Right now the only Y-SNPs we know about would be the ones in Illumina's off-the-shelf 550K chip, and there are only 10. However, they list Peter Underhill (the Stanford geneticist who discovered many SNPs) as an "external editor" and their graphic of the Y chromosome coverage shows a lot of red, so I suspect they have a substantial number. The Human1m set used by deCODEme has 1418 Y-SNPs (plus 876 Copy Number Variation markers). Many of those will undoubtedly turn out to be redundant, though.

              I don't think either chip will replace the more complete data you can get with mtDNA or Y tests from the genealogical companies. The autosomal data is more intriguing.

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              • #22
                Originally posted by Ann Turner
                You can download your genotypes from deCODEme for all 1,000,000+ SNPs as one dataset, in an ASCII table with rs (Reference SNP) ID numbers.

                I have also written to 23andMe without any response as yet.
                Well, my message is out of date now. I had sent a query to 23andMe on the 19th and received a response this morning, so perhaps they are catching up with the initial flurry of interest. I asked if a customer could download the raw data (with rs numbers) and they answered that they do not currently provide it.

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                • #23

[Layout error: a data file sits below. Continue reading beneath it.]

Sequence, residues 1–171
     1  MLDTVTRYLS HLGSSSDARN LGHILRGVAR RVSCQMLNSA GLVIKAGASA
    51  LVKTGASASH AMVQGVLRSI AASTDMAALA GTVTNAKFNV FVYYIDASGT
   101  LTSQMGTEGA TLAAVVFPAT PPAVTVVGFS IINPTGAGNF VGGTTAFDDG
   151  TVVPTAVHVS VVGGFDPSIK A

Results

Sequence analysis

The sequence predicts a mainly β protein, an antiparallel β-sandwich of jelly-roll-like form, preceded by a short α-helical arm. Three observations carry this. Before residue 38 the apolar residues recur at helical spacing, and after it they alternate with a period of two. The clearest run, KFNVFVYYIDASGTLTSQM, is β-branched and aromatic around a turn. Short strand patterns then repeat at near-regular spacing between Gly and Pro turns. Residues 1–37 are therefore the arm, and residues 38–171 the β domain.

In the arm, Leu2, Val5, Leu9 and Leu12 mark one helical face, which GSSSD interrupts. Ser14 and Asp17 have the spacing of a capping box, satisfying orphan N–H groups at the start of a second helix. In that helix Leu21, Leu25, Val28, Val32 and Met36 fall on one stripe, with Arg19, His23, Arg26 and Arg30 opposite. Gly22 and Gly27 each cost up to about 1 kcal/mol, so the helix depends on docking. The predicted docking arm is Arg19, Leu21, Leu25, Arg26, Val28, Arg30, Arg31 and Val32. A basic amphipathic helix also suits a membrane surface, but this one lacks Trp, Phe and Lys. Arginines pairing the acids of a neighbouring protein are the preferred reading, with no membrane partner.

Hmmm. So, contra their proclamation that all persons are 'entitled' (by their Creator?) to actual, actionable FACTS, 23andMe is NOT going to PROVIDE actual, actionable facts. That reads like a question but it is not.

                  23andMe evidently aims to the vendor to those who wish to be medically frightened within the contextual embrace of an all-knowing and (potentially) all-caring consumer services company.

                  There are a lot of things I just don't get. And now I have another: id est, why a start-up genetic testing company would not address the concerns of the largest segment of the retail genetics testing community, genetic genealogists. Why?

                  Could it be that the genetic genealogy community is tapped-out? (That is a question). Or might it be that the genetic genealogy community does not provide a profit margin or market segment large enough to interest Silicone Valley? (No need to answer).

                  So, genetic genealogists, what has your genetic genealogy company done for you lately?

                  Or to put it in a way that all can feel good about ... you have paid for and built the database and THEY HAVE COME. What's next?

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                  • #24
                    On 23andme's website it says:

                    "With raw access to all of your genetic data, you can home in on any gene or other feature you want. Or ..."

                    besides the fact that I assume they meant "hone" not "home", I inferred from this that customers would have access to the raw data. so does this mean it can be accessed but not dowloaded as a single file? is it downloadable maybe in seperate files, one for each chromosome and x, y and mito? or are they trying to split hairs and argue that "raw access to genetic data" is not the same as "acccess to raw data"? I think I might get a guarantee about raw data in writing before I go with any company-the advertising mnight not be inline with what one actually gets.

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                    • #25
                      We'll need to have some first-hand reports from customers to see how things actually pan out, but my interpretation of the website is that you can view the raw data for any particular item you look at (see the Gene Journal PDFs, for example), but apparently you can't download all 550K SNPs as a dataset.